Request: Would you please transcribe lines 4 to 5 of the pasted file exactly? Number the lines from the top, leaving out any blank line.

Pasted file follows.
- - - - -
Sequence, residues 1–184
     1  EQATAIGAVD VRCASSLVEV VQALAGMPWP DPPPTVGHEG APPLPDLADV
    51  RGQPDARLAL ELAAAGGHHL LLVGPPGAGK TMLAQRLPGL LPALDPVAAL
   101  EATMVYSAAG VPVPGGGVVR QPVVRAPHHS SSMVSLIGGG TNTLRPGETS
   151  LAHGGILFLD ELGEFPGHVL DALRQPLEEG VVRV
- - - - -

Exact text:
   101  EATMVYSAAG VPVPGGGVVR QPVVRAPHHS SSMVSLIGGG TNTLRPGETS
   151  LAHGGILFLD ELGEFPGHVL DALRQPLEEG VVRV